Bryan Stearns, a PhD student in CSE, received a College of Engineering Distinguished Leadership Award for his outstanding leadership and service to the College and community.
For the past year Stearns has served as President of the Computer Science and Engineering Graduate Student Organization (CSEG), whose membership comprises the entire body of over three hundred CSE graduate students. Its leadership aims to make life easier for the students by helping them make use of department resources, connect at social gatherings, and keep life in the Beyster building comfortable.
Stearns’ duties as president include close interaction with the department staff, advocating for student needs and course requirements, and overseeing the group’s annual budget. Within that role he has worked to realize his vision of bringing together a community from the students that surround him, and to increase awareness of CSEG and what it has to offer to CSE grads.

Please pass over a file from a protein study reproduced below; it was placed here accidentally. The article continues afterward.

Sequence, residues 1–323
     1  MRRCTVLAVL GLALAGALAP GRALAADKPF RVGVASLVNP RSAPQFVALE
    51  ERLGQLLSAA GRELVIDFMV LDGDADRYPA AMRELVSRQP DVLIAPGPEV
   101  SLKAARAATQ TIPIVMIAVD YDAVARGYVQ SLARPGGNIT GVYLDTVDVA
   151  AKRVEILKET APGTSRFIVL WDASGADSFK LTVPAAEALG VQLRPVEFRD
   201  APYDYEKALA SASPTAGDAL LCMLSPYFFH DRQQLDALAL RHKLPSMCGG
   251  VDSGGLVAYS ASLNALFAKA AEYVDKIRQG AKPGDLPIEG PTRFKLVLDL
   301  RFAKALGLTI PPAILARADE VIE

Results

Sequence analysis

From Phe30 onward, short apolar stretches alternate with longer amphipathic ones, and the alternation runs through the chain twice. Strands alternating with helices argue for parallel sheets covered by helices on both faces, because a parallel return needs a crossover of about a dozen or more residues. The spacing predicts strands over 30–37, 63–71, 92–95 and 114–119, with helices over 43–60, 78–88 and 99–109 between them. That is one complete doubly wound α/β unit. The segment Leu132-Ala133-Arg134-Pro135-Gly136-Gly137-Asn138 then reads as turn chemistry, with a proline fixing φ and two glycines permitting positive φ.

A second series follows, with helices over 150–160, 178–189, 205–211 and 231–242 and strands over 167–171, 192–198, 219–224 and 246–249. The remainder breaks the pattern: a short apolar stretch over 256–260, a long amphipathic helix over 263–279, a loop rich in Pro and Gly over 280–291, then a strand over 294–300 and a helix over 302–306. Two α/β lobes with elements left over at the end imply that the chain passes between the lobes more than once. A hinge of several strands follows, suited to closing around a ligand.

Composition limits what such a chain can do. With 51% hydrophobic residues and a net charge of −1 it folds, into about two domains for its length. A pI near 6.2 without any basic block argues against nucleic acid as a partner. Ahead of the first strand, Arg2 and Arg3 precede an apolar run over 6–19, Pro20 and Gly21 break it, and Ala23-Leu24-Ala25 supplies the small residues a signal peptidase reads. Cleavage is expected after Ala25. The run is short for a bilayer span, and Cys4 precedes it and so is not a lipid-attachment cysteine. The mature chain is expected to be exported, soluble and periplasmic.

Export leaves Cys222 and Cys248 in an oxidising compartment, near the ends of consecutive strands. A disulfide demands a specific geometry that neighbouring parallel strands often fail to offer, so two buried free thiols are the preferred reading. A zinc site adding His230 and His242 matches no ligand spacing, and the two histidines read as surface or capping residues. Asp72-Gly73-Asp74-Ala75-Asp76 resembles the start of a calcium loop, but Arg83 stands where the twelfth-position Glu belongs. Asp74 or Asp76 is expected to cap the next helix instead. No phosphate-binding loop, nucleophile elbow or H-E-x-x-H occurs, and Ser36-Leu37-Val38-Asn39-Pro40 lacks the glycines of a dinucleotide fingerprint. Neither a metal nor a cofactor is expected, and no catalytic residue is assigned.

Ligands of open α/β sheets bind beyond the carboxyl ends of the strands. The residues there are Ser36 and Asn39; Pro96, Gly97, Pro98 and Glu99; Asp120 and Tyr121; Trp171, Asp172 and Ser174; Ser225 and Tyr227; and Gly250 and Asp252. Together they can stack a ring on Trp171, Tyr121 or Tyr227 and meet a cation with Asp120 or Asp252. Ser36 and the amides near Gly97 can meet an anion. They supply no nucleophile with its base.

Some of CSEG’s long-running traditions and functions include hosting Wednesday social hours for grad students, faculty, and staff to meet and mingle, running Thursday game nights, organizing monthly social outings around the area, and providing liaisons for grad students at faculty meetings.
This year, Stearns and the other leaders started several new initiatives in CSEG to help students expand their network. They’ve made the game nights and social hours Rackham-wide and invited grad students from around the campus, revived CSEG intramurals after a hiatus, and published a full grad student directory to the CSE website (a very popular request from students). During his term, Stearns also created a new community lunch program with the College of Engineering to bring together graduate students from different engineering departments.
Stearns is finishing the third year of his PhD, working with Prof. John Laird on cognitive architectures and artificial intelligence. This work is at the intersection of cognitive science and computer science, attempting to understand both how the mind works and how an understanding of intelligence can aid real-world applications. His focus is in modeling levels of composition in learning, and in defining the most basic building blocks needed for a machine to learn the range of ideas and skills that can be learned by humans.